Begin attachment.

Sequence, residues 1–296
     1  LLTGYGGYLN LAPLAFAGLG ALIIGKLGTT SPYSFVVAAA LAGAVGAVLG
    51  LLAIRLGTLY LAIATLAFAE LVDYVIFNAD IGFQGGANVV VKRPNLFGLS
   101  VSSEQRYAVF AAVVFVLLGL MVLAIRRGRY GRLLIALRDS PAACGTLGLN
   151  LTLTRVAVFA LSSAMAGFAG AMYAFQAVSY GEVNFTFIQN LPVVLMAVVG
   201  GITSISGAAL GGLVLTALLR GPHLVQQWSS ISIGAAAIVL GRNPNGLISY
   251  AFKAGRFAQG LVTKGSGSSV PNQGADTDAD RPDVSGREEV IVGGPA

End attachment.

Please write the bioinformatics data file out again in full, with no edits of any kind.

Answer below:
Sequence, residues 1–296
     1  LLTGYGGYLN LAPLAFAGLG ALIIGKLGTT SPYSFVVAAA LAGAVGAVLG
    51  LLAIRLGTLY LAIATLAFAE LVDYVIFNAD IGFQGGANVV VKRPNLFGLS
   101  VSSEQRYAVF AAVVFVLLGL MVLAIRRGRY GRLLIALRDS PAACGTLGLN
   151  LTLTRVAVFA LSSAMAGFAG AMYAFQAVSY GEVNFTFIQN LPVVLMAVVG
   201  GITSISGAAL GGLVLTALLR GPHLVQQWSS ISIGAAAIVL GRNPNGLISY
   251  AFKAGRFAQG LVTKGSGSSV PNQGADTDAD RPDVSGREEV IVGGPA